Key Tracks: “Heaven On Earth” “Sail Away”
Bands continuing on after the death a key member is no strange thing. Queen stumbled when they added Paul Rodgers, while Alice In Chains is continuing with a surprising successful replacement singer. These things happen, and whether you want to give the band the benefit of the doubt or not is dependent on the situation. Sublime should’ve stopped, while AC/DC only got bigger. But this feels different. “Life, Love & Hope” isn’t Boston moving on, it’s them remembering the life of Brad Delp. Delp was almost unmatched in rock – his voice was meteoric, screamingly loud and high while always gorgeous. And his style worked alongside Marc Bolan is ushering in rock’s glam phase. When Delp was found dead in his car in 2007, it was a crushing blow to a band that was already fading into the limelights. This album, through all it’s faults, serves as a parting piece for those of us that loved Delp. And Boston fans will want to give it the benefit of the doubt.
So let’s focus on the negatives first. There’s eleven songs on this album – eight if you don’t count reworked versions of “Someone” “Didn’t Mean To Fall in Love” and “You Gave Up On Love.” Of those eight, three have ‘love’ in the title ( that’s 5/11). There’s a lot of downtime on the album. Ballads galore, with plenty of acoustic and piano bits. Lyrically, it’s corny, it’s really corny. It’s called “Life, Love & Hope,” and my AP style insides are screaming. The glam scene that Boston had an early cog in was a largely corny genre altogether, so it’s expected, but it’s still a little over the top. And most of the album isn’t very memorable. While it isn’t bad, it’s best suited as background music and little else.
That said, Boston had one of the most definitively unique sounds ever, and this is Boston. The opening to the first song, “Heaven On Earth,” is a quick guitar slide that promises the listener that Tom Scholz has never turned his pedals off. It doesn’t have the energy of earlier releases, and there’s few (if any) solos on the album, but they still sound the same. Vocally, the album is all over the place, but it’s alright. Delp’s voice shows up on three songs, although two are previous recordings from reworks of songs on “Corporate America.” The other singers on the album, of which there’s five, simply aren’t as strong. The clever track listing lets Delp jump in at the right moments. But the addition of other singers, which include current lead singer Tommy DeCarlo, feels like a tribute instead of a fault. The album’s rough assemblage of new and old songs acts as a strong tribute to the fallen singer.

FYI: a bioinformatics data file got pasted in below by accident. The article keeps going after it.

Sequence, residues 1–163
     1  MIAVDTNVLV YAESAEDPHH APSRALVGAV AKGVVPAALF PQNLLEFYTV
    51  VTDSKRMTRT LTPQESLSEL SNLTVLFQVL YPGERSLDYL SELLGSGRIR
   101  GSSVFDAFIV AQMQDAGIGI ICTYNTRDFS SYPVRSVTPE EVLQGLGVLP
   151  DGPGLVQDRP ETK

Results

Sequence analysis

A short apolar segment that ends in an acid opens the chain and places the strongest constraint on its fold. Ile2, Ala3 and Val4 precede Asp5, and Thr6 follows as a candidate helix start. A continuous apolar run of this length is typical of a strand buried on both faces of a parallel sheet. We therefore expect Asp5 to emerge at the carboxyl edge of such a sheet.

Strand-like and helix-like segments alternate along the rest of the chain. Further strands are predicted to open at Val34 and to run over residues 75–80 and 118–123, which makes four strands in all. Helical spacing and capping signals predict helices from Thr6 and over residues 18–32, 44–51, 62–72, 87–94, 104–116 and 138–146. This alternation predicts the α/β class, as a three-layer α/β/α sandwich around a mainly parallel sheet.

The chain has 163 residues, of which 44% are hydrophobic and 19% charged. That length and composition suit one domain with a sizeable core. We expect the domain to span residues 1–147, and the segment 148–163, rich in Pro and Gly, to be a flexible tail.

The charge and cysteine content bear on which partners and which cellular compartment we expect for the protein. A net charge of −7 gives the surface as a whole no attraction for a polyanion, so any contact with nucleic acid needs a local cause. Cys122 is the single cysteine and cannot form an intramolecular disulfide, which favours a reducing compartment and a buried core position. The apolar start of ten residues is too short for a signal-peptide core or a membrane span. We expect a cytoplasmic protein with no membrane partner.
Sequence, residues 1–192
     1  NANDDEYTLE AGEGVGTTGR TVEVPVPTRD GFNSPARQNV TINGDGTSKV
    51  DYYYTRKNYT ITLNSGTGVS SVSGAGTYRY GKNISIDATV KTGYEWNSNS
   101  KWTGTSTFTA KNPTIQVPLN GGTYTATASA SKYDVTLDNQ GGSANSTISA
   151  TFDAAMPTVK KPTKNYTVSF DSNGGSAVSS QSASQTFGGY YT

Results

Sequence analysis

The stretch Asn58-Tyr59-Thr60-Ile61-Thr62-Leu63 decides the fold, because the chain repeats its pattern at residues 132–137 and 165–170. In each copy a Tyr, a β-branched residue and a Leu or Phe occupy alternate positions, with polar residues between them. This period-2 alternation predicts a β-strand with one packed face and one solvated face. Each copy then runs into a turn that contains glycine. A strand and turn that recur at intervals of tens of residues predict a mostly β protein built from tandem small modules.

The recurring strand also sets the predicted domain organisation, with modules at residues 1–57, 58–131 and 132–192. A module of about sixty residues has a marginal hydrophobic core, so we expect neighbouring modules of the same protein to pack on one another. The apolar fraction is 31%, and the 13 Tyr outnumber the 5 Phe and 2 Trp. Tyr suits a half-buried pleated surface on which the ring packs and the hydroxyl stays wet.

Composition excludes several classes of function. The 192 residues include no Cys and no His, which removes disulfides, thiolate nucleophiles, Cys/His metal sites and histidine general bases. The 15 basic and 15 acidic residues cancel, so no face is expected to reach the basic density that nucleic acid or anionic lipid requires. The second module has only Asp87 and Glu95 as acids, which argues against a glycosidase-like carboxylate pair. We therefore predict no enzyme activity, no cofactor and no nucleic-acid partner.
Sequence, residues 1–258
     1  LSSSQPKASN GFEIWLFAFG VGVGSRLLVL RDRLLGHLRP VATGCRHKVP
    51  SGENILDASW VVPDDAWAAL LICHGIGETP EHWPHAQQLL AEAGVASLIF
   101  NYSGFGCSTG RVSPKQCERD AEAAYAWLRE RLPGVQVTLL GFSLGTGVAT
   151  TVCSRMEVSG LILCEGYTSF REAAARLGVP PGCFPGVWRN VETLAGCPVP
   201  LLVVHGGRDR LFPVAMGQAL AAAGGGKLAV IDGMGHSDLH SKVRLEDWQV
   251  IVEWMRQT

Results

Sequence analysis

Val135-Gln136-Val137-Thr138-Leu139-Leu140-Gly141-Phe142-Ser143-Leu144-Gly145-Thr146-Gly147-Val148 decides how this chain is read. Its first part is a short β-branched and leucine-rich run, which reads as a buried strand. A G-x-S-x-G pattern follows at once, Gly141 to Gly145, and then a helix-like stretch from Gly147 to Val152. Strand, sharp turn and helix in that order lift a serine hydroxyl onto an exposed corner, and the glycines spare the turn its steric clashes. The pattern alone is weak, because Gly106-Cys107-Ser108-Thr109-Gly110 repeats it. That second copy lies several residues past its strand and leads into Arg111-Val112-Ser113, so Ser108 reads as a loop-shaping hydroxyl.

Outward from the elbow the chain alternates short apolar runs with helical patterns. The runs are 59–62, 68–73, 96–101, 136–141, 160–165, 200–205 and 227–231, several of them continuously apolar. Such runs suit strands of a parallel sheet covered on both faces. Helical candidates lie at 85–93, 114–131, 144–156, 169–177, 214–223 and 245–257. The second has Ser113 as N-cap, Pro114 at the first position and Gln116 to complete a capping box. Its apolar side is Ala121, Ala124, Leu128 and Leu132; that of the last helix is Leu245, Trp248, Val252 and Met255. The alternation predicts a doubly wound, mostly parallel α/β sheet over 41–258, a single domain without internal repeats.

There is one new song on the album that Delp recorded after 2002’s “Corporate America.” It’s called “Sail Away,” and it’s in response to the government’s mishandling of Hurricane Katrina. It’s easily the best song on the album. Concise and a little more intuitive than earlier songs, “Sail Away” is a great example of how a band can still be on top of things years later.
It’s hard to believe that this is only Boston’s sixth album in thirty-seven years. I was co-runner of an embarrassing Facebook page in high school called “Boston should be in the Rock and Roll Hall of Fame” (that has since been removed). My music tastes have grown and are completely removed from what they used to be, but I continue to love Boston. Maybe because they’re named after my home city, but something always draws me back to them. And while “Life, Love & Hope” has many faults, it serves as a fitting tribute to the late Brad Delp, and as a positive notch in the history of a very interesting band.
-By Andrew McNally